Ant-aphid mutualisms: the impact of honeydew production and honeydew sugar composition on ant preferences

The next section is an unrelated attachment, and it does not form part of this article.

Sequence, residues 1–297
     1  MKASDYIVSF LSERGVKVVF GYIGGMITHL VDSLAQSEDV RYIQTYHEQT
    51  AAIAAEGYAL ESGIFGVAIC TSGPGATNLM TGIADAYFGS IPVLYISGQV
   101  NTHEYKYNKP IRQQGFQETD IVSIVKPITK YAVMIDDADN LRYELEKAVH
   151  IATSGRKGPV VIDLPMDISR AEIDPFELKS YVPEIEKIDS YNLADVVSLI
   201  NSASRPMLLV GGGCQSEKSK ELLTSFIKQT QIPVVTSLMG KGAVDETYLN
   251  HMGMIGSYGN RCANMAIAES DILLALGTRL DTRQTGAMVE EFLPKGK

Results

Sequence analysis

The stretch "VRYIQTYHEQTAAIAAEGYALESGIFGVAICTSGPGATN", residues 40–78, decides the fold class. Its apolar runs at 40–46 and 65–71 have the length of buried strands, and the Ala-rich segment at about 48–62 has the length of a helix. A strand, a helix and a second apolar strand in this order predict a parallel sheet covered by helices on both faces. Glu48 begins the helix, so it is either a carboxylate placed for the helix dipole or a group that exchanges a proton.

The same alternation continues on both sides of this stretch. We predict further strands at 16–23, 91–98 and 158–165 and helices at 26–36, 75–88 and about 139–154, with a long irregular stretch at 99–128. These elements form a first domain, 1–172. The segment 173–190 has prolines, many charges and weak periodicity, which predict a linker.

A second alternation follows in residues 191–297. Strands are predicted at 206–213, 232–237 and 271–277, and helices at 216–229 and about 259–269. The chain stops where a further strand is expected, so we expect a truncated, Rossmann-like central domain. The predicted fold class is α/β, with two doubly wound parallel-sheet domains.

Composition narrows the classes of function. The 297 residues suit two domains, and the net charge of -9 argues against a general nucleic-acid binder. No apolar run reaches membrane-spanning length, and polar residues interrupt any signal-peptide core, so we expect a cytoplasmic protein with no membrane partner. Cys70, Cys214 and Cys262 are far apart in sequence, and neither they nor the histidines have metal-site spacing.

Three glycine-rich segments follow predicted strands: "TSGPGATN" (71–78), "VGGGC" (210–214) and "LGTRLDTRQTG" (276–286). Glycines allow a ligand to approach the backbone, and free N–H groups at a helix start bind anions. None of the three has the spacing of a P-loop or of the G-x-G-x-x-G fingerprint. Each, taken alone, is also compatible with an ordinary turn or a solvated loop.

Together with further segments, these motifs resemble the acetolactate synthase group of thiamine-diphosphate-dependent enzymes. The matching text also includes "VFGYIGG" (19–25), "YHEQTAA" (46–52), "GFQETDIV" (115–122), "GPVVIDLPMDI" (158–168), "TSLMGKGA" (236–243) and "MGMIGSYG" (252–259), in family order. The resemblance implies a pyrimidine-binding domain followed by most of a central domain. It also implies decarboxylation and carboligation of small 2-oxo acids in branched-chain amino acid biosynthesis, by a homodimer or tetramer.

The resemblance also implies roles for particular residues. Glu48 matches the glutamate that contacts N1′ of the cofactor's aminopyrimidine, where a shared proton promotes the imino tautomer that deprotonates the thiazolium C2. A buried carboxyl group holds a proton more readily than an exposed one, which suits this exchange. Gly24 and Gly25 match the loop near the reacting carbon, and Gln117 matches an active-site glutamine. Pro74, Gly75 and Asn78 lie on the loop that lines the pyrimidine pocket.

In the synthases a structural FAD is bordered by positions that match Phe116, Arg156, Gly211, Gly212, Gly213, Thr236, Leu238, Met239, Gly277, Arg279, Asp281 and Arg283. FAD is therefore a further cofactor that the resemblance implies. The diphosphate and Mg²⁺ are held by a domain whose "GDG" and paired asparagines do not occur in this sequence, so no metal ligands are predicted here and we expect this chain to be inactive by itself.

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The honeydew composition and production of four aphid species feeding on Tanacetum vulgare, and mutualistic relationships with the ant Lasius niger were studied. In honeydew of Metopeurum fuscoviride and Brachycaudus cardui, xylose, glucose, fructose, sucrose, maltose, melezitose, and raffinose were detected. The proportion of trisaccharides (melezitose, raffinose) ranged between 20% and 35%. No trisaccharides were found in honeydew of Aphis fabae, and honeydew of Macrosiphoniella tanacetaria consisted of only xylose, glucose and sucrose. M. fuscoviride produced by far the largest amounts of honeydew per time unit (880 μg/aphid per hour), followed by B. cardui (223 μg/aphid per hour), A. fabae (133 μg/aphid per hour) and M. tanacetaria (46 μg/aphid per hour). The qualitative and quantitative honeydew production of the aphid species corresponded well with the observed attendance by L. niger. L. niger workers preferred trisaccharides over disaccharides and monosaccharides when these sugars were offered in choice tests. The results are consistent with the ants' preference for M. fuscoviride, which produced the largest amount of honeydew including a considerable proportion of the trisaccharides melezitose and raffinose. The preference of L. niger for B. cardui over A. fabae, both producing similar amounts of honeydew, may be explained by the presence of trisaccharides and the higher total sugar concentration in B. cardui honeydew. M. tanacetaria, which produced only low quantities of honeydew with no trisaccharides was not attended at all by L. niger.
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